|The first excerpt represents the element of Air. It speaks of mental influences and the process of thought, and is drawn from A Kidnapped Santa Claus by L. Frank Baum:
no use to a girl who loves dolls. And Charlie Smith, who delights to
romp and play out of doors, and who wanted some new rubber boots to
keep his feet dry, received a sewing box filled with colored worsteds
and threads and needles, which made him so provoked that he
thoughtlessly called our dear Santa Claus a fraud.
Had there been many such mistakes the Daemons would have accomplished
their evil purpose and made the children unhappy. But the little
friends of the absent Santa Claus labored faithfully and intelligently
to carry out their master's ideas, and they made fewer errors than
might be expected under such unusual circumstances.
And, although they worked as swiftly as possible, day had begun to
A Kidnapped Santa Claus
|The second excerpt represents the element of Fire. It speaks of emotional influences and base passions, and is drawn from Cousin Pons by Honore de Balzac:
life abounds; in the filthy Roman Ghetto, for instance, with its
swarming Jewish population, where malaria is unknown. Perhaps, too,
the sight of the streets, the great spectacle of Paris, the daily
pleasure of his life, did the invalid good. They walked on side by
side, though Pons now and again left his friend to look at the shop
windows. Opposite the Theatre des Varietes he saw Count Popinot, and
went up to him very respectfully, for of all men Pons esteemed and
venerated the ex-Minister.
The peer of France answered him severely:
"I am at a loss to understand, sir, how you can have no more tact than
to speak to a near connection of a family whom you tried to brand with
|The third excerpt represents the element of Water. It speaks of pure spiritual influences and feelings of love, and is drawn from The Arrow of Gold by Joseph Conrad:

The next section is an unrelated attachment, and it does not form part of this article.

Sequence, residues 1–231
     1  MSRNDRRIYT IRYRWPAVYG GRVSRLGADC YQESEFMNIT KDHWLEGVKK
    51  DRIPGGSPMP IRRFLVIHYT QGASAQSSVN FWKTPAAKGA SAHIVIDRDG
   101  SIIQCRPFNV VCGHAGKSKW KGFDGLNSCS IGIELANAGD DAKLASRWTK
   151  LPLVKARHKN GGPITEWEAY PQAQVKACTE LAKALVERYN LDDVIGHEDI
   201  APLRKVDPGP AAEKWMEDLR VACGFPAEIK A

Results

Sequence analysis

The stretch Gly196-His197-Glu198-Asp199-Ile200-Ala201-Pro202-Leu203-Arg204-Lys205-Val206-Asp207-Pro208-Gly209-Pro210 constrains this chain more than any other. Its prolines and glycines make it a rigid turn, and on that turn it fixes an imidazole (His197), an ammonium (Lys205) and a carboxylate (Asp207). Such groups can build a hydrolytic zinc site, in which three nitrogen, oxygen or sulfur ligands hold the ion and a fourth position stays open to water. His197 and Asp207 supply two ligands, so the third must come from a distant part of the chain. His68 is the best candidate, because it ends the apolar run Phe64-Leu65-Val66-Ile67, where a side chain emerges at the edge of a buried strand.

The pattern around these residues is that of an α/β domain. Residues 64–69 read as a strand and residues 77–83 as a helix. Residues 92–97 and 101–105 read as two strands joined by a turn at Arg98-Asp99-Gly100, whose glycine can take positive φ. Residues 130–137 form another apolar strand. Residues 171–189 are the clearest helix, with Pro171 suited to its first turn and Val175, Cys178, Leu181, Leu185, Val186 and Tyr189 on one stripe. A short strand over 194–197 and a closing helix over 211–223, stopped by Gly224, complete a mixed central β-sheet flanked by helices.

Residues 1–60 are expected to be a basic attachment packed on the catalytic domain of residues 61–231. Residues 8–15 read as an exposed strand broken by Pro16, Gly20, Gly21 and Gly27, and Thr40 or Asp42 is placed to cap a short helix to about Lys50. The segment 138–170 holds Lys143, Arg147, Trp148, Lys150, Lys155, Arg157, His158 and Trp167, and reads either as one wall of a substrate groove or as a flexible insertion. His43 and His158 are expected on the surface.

in his attempts, and I daren't even speak to Madame about it."
"What sort of person do you mean?"
"Why, a man," she said scornfully.
I snatched up my coat and hat.
"Aren't there dozens of them?"
"Oh! But this one is dangerous. Madame must have given him a hold
on her in some way. I ought not to talk like this about Madame and
I wouldn't to anybody but Monsieur. I am always on the watch, but
what is a poor girl to do? . . . Isn't Monsieur going back to
"No, I am not going back. Not this time." A mist seemed to fall
The Arrow of Gold
|The fourth excerpt represents the element of Earth. It speaks of physical influences and the impact of the unseen on the visible world, and is drawn from Proposed Roads To Freedom by Bertrand Russell:
retained by them. If this is done, it may be presumed
that each Guild will be continually seeking for new
processes or inventions, and will value those technical
parts of scientific research which are useful for this
purpose. With every improvement, the question will
arise whether it is to be used to give more leisure or to
increase the dividend of commodities. Where there
is so much more leisure than there is now, there will
be many more people with a knowledge of science or
an understanding of art. The artist or scientific
investigator will be far less cut off than he is at